The spirit of Groundhog Day
Attempts and desires to predict the future are likely as ancient as the human brain itself. Wonderings or anxieties about potential good or bad fortunes heading our way arouse within us a desire to know now what will happen tomorrow, next week, or ten years from now. For thousands of years, people have looked toward and indulged in things like palm readings, necromancy, fortune tellers, astrology readings, and dream interpreters to obtain leverage, ease, and get ahead of what was to come. Indeed, people have wanted to know how to predict what was ahead for them throughout all cultures, times, and places.
Even scripture touches on this theme of predicting future events. Joseph is called in to interpret Pharaoh’s dreams about the future of his empire. Daniel receives and interprets dreams regarding future events. The Book of Deuteronomy even has laws about prophetic utterances- those who predict future events that don’t occur are to be put to death! (Deuteronomy 13:1-5; 18:20-22). In the Old and New Testament, prophecy and, in particular, the telling, revealing, or understanding of what’s to come is directly related to and made possible by God, or regarding the New Testament, the work of the Holy Spirit (2 Peter 1:19-21).
This brings me to Groundhogs Day. A fun and happy-go-lucky celebration stemming from Dutch and German roots that seeks to predict future weather patterns by witnessing the single decision of one groundhog named Phil. How accurate is Phil? Recent reports give him a 39% success rate in predicting whether we will have six more weeks of winter. Flipping a coin would have likely yielded more accurate predictions!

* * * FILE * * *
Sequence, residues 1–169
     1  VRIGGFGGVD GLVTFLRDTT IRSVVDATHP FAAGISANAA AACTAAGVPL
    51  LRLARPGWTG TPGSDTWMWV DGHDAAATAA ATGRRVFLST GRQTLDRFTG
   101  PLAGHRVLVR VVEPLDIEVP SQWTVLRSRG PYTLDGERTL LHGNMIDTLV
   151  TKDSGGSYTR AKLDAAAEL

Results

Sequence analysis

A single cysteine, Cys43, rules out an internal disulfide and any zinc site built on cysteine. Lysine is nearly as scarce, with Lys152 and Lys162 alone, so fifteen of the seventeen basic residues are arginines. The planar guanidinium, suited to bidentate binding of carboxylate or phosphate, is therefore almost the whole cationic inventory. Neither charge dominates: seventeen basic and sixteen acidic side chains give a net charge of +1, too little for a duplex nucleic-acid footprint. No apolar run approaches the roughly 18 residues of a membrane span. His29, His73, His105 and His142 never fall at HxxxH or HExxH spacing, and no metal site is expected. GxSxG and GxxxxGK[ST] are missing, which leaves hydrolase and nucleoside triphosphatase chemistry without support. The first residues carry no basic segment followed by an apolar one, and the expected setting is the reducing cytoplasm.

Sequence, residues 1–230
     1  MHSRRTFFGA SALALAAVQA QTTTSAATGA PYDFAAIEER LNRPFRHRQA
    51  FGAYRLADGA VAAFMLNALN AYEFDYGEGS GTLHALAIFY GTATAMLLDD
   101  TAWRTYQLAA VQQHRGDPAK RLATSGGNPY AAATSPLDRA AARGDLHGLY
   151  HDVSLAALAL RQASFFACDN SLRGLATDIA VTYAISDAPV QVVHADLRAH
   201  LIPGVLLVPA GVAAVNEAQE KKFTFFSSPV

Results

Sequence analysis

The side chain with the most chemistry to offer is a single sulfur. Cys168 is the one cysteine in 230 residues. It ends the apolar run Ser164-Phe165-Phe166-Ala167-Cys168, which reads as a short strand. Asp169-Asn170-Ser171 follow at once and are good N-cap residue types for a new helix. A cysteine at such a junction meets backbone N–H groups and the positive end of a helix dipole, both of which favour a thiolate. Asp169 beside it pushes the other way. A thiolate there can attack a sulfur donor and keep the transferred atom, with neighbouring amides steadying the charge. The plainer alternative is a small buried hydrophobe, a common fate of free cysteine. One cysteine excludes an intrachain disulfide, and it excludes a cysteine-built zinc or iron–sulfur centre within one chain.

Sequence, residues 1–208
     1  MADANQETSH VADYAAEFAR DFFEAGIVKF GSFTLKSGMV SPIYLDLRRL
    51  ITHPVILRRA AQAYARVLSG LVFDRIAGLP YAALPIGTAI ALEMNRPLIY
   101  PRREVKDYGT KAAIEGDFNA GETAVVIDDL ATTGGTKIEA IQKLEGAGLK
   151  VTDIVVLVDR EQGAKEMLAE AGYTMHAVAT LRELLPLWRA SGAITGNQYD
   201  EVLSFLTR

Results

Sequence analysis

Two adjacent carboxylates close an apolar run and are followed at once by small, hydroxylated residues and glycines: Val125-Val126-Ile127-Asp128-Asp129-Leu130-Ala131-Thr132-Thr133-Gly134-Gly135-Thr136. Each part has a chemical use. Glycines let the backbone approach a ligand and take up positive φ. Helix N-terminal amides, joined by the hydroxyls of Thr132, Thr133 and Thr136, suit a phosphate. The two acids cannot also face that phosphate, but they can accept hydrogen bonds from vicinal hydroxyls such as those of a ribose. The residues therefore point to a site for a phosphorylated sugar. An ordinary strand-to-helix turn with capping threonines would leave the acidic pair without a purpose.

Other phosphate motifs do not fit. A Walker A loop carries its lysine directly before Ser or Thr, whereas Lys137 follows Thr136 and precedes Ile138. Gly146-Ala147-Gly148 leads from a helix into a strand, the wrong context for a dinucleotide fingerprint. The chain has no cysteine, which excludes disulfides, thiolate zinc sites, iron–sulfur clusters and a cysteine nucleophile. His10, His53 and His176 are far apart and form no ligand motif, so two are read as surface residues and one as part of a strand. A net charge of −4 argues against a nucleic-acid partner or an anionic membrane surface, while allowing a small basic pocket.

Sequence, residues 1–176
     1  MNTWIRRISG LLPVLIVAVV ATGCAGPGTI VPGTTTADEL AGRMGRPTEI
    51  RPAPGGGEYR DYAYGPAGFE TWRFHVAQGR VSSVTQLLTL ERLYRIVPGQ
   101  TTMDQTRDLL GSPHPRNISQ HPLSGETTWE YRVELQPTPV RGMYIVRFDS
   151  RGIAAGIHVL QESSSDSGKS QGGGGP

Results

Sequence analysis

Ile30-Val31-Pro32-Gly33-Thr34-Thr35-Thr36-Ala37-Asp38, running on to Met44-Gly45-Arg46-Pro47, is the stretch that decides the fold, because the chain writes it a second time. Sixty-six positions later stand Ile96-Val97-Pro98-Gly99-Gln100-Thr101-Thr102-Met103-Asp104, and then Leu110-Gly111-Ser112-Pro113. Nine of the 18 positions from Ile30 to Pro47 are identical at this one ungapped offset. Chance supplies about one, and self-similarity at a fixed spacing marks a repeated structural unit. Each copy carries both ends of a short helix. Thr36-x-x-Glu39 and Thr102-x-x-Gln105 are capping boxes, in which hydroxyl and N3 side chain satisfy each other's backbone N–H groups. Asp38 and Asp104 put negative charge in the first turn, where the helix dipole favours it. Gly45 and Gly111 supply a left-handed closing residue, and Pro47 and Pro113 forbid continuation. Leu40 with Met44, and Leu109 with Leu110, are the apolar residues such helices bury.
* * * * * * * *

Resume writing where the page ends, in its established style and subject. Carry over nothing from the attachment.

Nevertheless, traditions like these are rooted in cultural practices that date back, in this case, hundreds of years. In Germany, the forecasting animal is a badger. In Croatia and Serbia, it’s a bear waking from hibernation and emerging from its cave. What I did not know, however, is that these traditions relate back to the Christian celebration of Candlemass, which has gone on for more than a thousand years and is also celebrated each year on Feb. 2.
Candlemass celebrates the presentation of baby Jesus at the temple, a Jewish rite that one can find referenced in Leviticus 12. This story happens in Luke 2:22-38, in which the Holy Spirit plays an active role in predicting and shaping the future that is to come! This story from Luke, which is so wrapped up in prophecy, Spirit-driven revelation, and naming now what can be confidently counted on for the future, certainly relate to the impulse to guess the length of winter during Groundhog Day.
In times of uncertainty, faith holds us together, and God’s promises keep us rooted in ease that can’t come from anywhere else. In a world where change is happening more rapidly than ever before, uncertainty is dished out in plethoric servings. News sites, social media influencers, bloggers, and even films often attempt to illustrate and forecast the future. However, as God’s people, we’re reminded that the work of the Holy Spirit often flies underneath the radar, working in dark and remote environments where internet connections might be few and far between. Certainly, nothing good was expected to come out of Nazareth (John 1:46). As people who seek to be guided by this Holy Spirit, we may sense a nudge that helps us prepare for the future, to answer a call to what God is up to in our lives. Still, we can also expect God to work in ways that defy even the most complex predicting machines we have, even the weather channel.